The move would reverse the landmark Caparo judgement, which restricts auditor liability to current shareholders.
The proposals emerged in a consultation document from the DTI independent steering group responsible for the wide-ranging Company Law Review.
It also recommends an equally radical plan to allow auditors to agree a cap to their liability.
Deloitte & Touche chairman Martin Scicluna, who led the group which developed the plan, said: ‘There is no reason why auditors should not cap their liability. The guy with the deep pockets ends up with a disproportionate share of the damages award.’
Roger Davis, PwC senior partner and a member of the DTI company law consultative committee, said: ‘A narrow interpretation of the audit role is unlikely to be sustainable, legally and otherwise, in 21st Century business.
‘If auditors are to remain at the top table of business and society, they should be prepared to go with the grain of the law review on future-based information and accountability of companies to a wider community.’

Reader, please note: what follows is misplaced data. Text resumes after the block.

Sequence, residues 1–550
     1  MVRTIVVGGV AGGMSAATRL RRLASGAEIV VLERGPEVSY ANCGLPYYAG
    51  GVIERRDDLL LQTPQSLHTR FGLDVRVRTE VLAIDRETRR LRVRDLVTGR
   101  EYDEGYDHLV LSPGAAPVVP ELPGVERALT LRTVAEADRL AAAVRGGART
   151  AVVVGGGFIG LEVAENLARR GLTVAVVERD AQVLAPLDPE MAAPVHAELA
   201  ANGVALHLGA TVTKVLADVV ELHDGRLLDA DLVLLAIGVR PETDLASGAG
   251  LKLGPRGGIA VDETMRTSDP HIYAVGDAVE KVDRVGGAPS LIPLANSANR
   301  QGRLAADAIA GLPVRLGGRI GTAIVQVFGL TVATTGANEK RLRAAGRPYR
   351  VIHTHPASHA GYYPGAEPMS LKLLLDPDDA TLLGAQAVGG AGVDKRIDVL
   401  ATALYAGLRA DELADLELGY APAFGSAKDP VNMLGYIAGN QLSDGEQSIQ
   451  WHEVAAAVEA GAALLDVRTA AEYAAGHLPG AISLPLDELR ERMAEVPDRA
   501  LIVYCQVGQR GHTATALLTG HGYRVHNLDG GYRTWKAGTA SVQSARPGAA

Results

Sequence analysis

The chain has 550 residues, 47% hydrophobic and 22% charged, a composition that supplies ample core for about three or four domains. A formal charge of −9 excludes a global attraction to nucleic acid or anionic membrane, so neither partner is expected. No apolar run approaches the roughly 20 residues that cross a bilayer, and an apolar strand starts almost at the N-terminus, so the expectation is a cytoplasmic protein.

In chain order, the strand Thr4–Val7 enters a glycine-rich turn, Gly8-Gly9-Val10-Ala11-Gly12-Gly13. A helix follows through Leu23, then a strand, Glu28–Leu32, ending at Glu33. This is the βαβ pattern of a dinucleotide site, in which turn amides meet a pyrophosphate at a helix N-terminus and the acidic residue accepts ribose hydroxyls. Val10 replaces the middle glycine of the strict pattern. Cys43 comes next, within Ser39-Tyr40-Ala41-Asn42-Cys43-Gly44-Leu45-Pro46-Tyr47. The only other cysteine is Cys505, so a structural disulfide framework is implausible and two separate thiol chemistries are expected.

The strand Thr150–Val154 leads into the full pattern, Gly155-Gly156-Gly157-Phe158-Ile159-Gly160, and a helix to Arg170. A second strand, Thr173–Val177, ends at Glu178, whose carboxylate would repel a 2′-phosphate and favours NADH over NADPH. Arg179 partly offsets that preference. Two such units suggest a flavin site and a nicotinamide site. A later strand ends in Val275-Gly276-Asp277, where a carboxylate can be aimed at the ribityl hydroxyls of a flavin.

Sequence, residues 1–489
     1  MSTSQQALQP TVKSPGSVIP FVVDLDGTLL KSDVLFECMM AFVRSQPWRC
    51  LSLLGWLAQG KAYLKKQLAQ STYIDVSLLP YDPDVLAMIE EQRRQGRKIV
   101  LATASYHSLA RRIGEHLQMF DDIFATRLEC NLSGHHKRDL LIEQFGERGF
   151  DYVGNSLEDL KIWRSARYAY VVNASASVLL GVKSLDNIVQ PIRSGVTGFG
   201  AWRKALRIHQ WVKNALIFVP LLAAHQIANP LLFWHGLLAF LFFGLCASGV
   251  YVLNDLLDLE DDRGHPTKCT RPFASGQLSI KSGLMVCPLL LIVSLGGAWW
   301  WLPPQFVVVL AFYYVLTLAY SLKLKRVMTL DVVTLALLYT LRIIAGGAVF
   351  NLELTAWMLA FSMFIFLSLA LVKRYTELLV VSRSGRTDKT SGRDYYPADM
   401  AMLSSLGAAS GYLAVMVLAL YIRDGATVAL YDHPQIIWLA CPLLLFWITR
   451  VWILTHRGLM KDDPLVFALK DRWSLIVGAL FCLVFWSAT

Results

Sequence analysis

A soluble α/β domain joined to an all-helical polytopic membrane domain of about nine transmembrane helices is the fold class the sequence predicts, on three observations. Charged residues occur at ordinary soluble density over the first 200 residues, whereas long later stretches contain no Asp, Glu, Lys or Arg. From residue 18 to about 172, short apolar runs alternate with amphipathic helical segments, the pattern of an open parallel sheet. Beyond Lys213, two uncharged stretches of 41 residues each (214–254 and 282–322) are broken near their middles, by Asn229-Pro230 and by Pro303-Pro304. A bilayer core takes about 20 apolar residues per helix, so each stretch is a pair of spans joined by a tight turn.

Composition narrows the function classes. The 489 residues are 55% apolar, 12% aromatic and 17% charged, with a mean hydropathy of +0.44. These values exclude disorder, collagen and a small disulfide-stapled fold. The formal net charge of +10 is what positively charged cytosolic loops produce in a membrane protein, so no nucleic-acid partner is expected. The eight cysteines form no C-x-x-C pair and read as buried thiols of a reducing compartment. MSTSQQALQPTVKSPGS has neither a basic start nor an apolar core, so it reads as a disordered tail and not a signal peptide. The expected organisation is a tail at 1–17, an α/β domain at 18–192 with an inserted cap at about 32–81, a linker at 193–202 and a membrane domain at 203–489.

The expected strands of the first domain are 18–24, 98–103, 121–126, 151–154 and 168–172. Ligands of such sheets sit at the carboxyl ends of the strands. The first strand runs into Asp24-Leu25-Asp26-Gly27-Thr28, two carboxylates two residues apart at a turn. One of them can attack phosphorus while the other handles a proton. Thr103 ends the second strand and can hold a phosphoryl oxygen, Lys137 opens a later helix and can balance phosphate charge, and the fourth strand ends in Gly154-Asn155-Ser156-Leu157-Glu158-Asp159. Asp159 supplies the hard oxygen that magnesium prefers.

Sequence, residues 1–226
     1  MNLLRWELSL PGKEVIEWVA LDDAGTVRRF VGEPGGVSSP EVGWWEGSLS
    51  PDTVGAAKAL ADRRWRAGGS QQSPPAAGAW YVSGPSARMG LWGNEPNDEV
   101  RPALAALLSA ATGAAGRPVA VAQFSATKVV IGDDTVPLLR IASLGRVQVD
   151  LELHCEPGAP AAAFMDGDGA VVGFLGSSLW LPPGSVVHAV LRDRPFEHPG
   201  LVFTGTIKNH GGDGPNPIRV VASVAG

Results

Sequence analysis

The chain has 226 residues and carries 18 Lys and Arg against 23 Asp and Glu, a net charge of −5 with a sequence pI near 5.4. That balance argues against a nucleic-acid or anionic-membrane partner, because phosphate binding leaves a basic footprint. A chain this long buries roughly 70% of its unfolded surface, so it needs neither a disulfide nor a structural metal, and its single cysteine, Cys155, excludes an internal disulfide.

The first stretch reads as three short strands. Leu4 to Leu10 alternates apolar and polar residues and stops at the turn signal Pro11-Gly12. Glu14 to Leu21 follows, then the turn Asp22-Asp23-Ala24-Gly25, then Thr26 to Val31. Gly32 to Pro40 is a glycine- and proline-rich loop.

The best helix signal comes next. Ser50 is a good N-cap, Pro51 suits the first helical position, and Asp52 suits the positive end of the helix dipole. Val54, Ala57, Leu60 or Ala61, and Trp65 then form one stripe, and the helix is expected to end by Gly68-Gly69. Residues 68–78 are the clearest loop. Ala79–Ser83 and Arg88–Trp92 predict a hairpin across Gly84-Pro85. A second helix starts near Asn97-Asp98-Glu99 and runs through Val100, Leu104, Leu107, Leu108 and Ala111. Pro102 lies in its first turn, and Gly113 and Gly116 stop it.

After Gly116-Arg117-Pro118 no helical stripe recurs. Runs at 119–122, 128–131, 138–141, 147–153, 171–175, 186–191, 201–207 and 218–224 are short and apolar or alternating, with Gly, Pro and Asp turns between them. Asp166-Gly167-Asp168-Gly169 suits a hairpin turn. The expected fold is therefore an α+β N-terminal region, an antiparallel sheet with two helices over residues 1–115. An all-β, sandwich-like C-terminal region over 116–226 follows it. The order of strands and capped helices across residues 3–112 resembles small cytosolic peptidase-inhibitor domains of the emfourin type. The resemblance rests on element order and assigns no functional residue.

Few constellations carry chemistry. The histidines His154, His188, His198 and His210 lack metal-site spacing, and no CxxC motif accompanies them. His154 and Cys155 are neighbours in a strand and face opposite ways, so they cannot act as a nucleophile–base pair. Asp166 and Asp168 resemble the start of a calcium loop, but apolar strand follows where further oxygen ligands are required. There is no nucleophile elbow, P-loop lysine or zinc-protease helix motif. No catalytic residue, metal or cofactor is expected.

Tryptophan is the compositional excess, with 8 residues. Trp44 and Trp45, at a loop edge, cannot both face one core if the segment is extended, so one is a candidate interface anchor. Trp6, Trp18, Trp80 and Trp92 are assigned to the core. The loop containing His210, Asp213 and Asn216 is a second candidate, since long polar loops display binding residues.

An operating financial review would cover all that is material in the directors’ review to make a proper assessment of the performance and future plans and prospects of the business.
Additionally, the group has proposed that listed companies should prepare a set of statutory accounts whose content would be based on the present preliminary results and sent to all shareholders.
A full report and accounts, to be filed at Companies House, would also be available to shareholders on request.
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